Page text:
When someone dies after a long illness, ideally their circle has had time to gather and support their ailing loved one and one another. But when you lose your spouse to gun violence or your sister in a fire, it can leave you feeling like you’ve lost a limb, unable to get past it. In “Where My Body Ends and the World Begins,” Tony Romano’s fictional Anthony has steeped in survivor’s guilt for a decade since the infamous fire at Chicago’s Our Lady of the Angels School in 1958. The real-life event killed ninety-two children and three nuns, devastating a community. Anthony chats with his dead sister daily. His relentless obsession with the past keeps him from relating to any remaining family members, who he blames for abandoning him. His retired cop neighbor suspects him of setting the fire, but the perspective of Anthony’s stalwart girlfriend Maryann reveals as much about absolving guilt as the difficult and valiant effort to survive it.
Meanwhile, Joseph G. Peterson’s protagonist in “Gun Metal Blue” is similarly waist-deep in the molasses of grief. Five years after Art Topp’s wife’s murder, he’s still paralyzed by the fear that he’s responsible. A feeble private detective, he wallows in the remembered joy of his marriage to a gal who married down and hangs out at the shooting range with his sad sack bachelor buddy instead of actively searching out what happened. Art’s easygoing tone neutralizes the incapacitation he feels at the devastation of his life, but he manages, by coasting along, to find the resolution the reader desperately wants. Passivity can be poison, but it can also lead you to that stinging slap in the face that makes you realize you’re a mess. (Kate Burns)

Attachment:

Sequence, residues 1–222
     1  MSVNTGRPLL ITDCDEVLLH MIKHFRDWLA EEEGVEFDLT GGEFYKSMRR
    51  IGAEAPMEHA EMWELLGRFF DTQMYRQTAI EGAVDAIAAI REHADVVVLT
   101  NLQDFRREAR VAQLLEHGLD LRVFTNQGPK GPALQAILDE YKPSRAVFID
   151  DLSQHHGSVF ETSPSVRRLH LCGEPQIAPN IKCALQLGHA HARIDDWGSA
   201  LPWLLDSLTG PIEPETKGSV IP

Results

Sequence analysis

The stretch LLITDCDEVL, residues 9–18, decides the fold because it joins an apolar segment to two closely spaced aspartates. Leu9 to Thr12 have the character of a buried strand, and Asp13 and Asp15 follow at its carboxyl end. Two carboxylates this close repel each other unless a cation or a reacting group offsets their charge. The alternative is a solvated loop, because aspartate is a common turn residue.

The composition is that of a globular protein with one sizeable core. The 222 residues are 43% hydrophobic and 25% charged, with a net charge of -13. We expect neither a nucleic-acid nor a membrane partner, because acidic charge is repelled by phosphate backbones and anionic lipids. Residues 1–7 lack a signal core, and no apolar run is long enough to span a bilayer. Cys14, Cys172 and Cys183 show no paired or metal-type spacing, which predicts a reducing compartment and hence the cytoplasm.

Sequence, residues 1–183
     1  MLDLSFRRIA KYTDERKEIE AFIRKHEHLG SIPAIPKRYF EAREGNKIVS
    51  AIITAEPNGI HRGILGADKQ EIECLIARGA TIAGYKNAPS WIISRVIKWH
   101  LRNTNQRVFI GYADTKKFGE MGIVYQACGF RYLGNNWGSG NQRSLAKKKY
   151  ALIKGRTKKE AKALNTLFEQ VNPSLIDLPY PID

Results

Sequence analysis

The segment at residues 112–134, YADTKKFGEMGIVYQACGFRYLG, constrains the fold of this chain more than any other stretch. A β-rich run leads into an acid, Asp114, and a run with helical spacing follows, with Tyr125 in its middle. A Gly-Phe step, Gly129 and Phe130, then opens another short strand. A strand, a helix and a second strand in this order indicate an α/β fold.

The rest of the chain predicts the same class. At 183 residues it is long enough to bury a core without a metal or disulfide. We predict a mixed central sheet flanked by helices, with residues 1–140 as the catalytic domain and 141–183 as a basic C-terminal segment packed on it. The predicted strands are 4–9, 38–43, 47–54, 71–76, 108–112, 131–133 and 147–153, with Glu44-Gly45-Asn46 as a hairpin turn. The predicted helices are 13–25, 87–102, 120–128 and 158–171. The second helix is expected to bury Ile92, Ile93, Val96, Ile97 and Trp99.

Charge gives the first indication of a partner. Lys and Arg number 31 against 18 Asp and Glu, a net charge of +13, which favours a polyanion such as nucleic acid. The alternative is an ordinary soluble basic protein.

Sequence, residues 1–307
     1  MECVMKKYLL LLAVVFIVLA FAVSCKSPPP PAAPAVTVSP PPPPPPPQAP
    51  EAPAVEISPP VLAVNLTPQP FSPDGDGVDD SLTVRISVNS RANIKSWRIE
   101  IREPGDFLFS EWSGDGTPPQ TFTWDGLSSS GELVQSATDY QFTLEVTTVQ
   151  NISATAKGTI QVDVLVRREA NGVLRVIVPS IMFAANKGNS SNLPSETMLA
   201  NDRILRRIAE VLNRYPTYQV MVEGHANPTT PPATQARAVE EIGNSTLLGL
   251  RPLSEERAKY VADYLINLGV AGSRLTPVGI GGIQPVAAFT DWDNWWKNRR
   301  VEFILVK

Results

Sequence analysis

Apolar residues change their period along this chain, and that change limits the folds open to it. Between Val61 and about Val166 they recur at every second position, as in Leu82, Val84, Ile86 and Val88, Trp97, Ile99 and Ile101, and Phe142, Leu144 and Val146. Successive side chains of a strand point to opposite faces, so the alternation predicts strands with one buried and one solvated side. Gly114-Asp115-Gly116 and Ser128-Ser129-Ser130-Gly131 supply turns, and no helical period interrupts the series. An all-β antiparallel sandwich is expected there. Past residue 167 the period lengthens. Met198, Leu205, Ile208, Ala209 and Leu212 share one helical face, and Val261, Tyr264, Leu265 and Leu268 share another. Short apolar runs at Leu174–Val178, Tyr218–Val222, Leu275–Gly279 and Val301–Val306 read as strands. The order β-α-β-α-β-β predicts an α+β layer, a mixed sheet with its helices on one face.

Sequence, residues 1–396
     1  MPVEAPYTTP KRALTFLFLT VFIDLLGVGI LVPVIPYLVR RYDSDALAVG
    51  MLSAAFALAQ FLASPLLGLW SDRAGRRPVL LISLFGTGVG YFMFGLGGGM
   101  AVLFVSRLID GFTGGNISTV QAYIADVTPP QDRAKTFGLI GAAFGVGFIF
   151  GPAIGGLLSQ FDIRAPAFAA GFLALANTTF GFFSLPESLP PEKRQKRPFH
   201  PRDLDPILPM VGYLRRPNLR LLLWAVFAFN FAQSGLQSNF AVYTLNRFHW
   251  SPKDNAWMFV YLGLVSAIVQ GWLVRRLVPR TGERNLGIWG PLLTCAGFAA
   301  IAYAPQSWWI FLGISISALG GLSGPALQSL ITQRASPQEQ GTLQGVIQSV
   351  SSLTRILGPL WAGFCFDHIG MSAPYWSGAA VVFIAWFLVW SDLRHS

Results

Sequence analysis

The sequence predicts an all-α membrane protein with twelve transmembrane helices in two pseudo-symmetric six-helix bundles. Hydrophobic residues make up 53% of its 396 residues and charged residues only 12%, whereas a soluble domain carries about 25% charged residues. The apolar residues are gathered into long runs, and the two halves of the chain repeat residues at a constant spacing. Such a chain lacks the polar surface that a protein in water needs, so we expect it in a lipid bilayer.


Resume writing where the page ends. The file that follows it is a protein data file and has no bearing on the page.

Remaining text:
“Where My Body Ends and the World Begins”
By Tony Romano
Allium Press of Chicago, 262 pages, $17.99
Tony Romano reads on February 13, 7pm with Society of Midland Authors at The Cliff Dwellers Club, 200 South Michigan, (312)922-8080.
“Gun Metal Blue”
By Joseph G. Peterson
Tortoise Books, 215 pages, $15.99
Joseph G. Peterson reads at the Elgin Literary Festival, January 27, Hemmens Cultural Center, 45 Symphony Way, Elgin, (847)931-5900.
Kate Burns is a writer, musician and voiceover talent living in Chicago. Her voice haunted the elevator in her gynecologist’s building until by chance the practice moved. She taught preschool Spanish for three years and, like a bartender, grew to rely on the security of having a guitar, or a bar, between herself and the patrons. It’s only a matter of time before she succumbs to her family’s lobbying for a dog. You may see her walking this dog on Chicago’s wintry sidewalks with a leash in one mittened hand and a tissue in the other. She enjoys knitting rectangles in large font while binge-watching TV. She rues the fact that she hasn’t been to a movie in several adjacent seasons, but give her a book and she’s golden. She likes gardening. Plants are quiet. Her one and only child challenges her daily like the Mack truck of karma. Her favorite animals are seahorses and hummingbirds and her favorite food is popcorn. She decided on these as a teenager and hasn’t revised her opinions.